Don’t get let down by paperwork and systems

Peter and Anna agree that it’s a lack of understanding around policies, contracts and position descriptions that can trip up new business owners. Knowing what to prioritise – and what to spend – is vital.

Peter says that a good accountant is worth their weight in gold – someone who knows how to do payroll, account for tax, pay superannuation on time, and educate owners on good financial practices.

And Anna says understanding both the federal and state legislation where you operate is important.

Making the jump from sole trader to employer

Peter says this is another milestone event, but if you can’t fulfil your clients’ needs on your own, it’s a step you’ll have to consider if you want to grow and expand.

“It takes a lot of courage,” he says. “It’s really scary when you hire your first person, you’re taking on risk whenever you increase your overheads.”

“Whilst it’s easy now to say, ‘just hire your first person’, when we hired our first admin or therapist it was scary as hell. The other things it takes are a plan, and understanding when is the right moment to hire, who is the right person, and how does it fit into the overall business plan.”

Getting feedback from others can help ensure you’re hiring the person who’s going to align with your business, he adds.

Anna agrees that expert advice and feedback is key.

“I would recommend finding a mentor, linking yourself with amazing providers through networking, and attending sector events,” she says. “Find mentors in the sector who have high standards and are compliant, not by their own account but by the people receiving the service.”

“Take feedback, good and bad, and apply it, noting that you won’t get it right all the time and that you won’t be right for everyone.”

Commit to training – for yourself and your team

Anna says regular training for all team members has to be a priority.

“You need ongoing staff training, not just an induction period,” says Anna. “It’s about fostering the skills for your workplace and providing that ongoing training to get a quality service.”

And while professional development is compulsory for some allied health professionals, business owners should never stop working on their own learning and that of their business. This is especially true for clinicians making the transition to their own small business, where they lose the regular feedback from colleagues that’s part and parcel of working for a large organisation.

But that doesn’t have to be formal training or attending conferences and seminars. Peter sourced his own coaches and mentors – therapists who had treated him for injury.

“I decided I was going to hire three mentors to help me clinically. They were just people I’d seen as a patient, or people I looked up to. I simply said, ‘I love what you do, what would it cost for 30 minutes of your time to go over case studies?’ and everyone was very keen,” he says.

“I know a lot of younger clinic owners who create a circle of their professional friends on WhatsApp and do their own case studies between them – there are different ways to make it happen.”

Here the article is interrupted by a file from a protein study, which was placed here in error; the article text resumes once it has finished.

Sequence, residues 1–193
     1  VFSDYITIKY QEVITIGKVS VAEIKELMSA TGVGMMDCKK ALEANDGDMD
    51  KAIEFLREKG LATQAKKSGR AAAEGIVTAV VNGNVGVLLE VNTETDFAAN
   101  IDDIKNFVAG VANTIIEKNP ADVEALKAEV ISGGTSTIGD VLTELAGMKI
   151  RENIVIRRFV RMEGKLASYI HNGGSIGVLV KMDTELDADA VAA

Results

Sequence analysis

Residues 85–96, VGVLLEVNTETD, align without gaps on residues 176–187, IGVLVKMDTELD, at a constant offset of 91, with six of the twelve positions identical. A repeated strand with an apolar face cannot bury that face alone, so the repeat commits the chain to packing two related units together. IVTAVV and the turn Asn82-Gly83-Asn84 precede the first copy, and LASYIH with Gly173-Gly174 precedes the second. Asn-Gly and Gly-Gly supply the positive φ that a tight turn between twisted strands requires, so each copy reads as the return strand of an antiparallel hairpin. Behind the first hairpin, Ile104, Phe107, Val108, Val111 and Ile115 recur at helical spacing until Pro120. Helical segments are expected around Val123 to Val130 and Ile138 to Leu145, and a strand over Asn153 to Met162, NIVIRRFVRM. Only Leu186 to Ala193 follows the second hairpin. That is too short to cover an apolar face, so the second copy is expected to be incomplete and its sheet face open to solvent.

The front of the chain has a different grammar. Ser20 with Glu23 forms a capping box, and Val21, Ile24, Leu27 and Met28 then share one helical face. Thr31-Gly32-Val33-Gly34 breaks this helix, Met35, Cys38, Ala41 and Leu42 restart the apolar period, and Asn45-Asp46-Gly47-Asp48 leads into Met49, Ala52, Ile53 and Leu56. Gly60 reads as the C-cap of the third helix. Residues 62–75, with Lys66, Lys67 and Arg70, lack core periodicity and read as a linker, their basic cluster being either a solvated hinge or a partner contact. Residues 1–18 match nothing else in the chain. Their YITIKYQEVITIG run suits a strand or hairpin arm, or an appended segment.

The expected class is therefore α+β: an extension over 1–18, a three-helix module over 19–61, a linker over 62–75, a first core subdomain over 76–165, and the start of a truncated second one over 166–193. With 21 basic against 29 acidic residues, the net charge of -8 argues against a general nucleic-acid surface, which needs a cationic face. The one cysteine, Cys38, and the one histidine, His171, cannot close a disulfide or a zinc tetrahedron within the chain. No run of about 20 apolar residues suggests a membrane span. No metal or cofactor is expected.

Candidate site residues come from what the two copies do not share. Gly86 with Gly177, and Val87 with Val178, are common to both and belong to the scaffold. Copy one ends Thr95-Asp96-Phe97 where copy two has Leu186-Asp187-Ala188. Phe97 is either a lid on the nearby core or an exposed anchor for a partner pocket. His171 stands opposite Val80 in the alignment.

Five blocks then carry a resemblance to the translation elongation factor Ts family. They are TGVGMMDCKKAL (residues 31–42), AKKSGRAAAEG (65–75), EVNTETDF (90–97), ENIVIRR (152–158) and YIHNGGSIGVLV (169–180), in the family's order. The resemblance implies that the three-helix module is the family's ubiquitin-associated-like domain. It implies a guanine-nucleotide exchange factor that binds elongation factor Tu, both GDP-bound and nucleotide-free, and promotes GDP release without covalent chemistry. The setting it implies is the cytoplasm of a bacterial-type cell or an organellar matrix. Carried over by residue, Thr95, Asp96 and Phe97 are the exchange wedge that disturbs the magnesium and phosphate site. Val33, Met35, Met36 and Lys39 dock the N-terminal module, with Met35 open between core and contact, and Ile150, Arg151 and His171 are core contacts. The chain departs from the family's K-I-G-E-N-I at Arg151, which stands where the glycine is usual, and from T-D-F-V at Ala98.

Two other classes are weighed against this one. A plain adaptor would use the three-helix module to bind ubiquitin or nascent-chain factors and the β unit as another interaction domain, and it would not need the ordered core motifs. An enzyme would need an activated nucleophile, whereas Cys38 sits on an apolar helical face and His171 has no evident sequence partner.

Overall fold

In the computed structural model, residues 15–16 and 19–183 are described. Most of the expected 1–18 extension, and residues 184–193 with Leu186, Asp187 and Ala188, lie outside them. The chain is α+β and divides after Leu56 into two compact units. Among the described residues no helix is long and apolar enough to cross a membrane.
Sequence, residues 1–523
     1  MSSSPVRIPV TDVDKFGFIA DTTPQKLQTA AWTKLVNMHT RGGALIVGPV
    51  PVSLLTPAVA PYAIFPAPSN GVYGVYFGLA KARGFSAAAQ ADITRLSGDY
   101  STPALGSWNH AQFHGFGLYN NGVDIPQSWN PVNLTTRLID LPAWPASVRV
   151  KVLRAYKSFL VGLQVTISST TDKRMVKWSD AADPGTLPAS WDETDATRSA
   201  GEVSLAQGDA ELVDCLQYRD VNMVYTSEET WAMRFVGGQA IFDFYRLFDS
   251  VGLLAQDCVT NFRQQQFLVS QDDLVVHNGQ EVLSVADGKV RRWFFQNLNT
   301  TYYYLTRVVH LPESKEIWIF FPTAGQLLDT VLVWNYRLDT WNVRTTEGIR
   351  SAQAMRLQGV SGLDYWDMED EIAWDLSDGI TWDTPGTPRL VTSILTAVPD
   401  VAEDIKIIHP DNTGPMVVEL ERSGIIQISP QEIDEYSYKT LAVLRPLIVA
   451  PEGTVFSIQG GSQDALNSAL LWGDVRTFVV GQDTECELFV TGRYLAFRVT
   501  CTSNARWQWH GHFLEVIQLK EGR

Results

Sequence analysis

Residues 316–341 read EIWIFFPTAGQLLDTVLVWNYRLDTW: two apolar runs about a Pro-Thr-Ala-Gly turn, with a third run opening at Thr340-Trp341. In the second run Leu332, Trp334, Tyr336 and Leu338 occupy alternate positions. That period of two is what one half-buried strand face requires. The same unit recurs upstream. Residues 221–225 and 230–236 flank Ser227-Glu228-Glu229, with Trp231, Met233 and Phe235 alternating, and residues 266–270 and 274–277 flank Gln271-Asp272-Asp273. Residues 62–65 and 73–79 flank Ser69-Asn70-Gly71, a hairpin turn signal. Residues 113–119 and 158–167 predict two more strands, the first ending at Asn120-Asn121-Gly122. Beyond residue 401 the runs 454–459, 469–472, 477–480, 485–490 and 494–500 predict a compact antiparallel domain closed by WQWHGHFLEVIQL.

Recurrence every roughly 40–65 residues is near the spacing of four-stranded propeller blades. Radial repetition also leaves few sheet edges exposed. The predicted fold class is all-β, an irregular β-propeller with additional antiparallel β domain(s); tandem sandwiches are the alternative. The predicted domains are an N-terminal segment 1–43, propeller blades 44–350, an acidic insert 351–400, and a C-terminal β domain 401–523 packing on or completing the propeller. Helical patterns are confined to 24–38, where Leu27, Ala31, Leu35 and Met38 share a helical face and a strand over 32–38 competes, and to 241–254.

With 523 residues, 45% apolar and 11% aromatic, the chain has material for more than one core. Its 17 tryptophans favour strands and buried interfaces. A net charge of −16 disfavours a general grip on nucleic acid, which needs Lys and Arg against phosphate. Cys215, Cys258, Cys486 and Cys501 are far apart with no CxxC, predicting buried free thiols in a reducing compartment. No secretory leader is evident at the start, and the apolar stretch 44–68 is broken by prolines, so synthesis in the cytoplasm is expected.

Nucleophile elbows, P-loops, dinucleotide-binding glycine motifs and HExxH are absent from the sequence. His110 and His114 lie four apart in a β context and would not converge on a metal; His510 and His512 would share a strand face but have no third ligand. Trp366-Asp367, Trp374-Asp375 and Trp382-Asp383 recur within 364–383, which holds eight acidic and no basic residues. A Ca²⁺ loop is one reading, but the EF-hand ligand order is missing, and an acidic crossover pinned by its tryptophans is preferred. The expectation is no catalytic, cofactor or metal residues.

What not to do

It comes down to making sure you’re serving your clients and serving yourself – so everyone wins.

Anna is forthright when she says sometimes new business owners may not be in the disability sector for the right reasons.

“People with disability are not cash cows. You need to commit to person centred practice that is unique to each participant,” she says.

“The other thing is, just because a participant has specific funding doesn’t mean you have to use it all. If you have a client who is funded for 12 hours a day of support, but you notice they only need eight hours of support, communicate that. You can offer capacity building with the extra hours or keep some for other stuff they might like to do.”

Peter says clinic owners need to ensure that they respect their own working time in the way they would respect their patient’s time.

“For some business owners, when they are working as a practitioner, their time management is fantastic, they’re focused entirely on the client. But when they’re working as a business owner, they can’t organise and prioritise time as well. The same respect and attention you give to the client you need to give to your business,” he says.

Making the switch from practitioner to clinic owner also requires a mindset shift, Peter adds.

“You need to understand that your role changes from supporting your clients to also supporting and helping your team,” he says.

“Working as a clinician, you are one to one, you see the results in front of you, with happy people and making a genuine difference. But, as an owner, it often becomes about dealing with team members who need support to work through challenges, unhappy clients who want to speak to you etc.

“But it helps to remember: as a physio I could help maybe 60 people. As a clinic owner, with my team as an extension of me, we could help potentially thousands of people.”

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My Plan Manager acknowledges the objectives of the United Nations Convention on the Rights of Persons with Disabilities.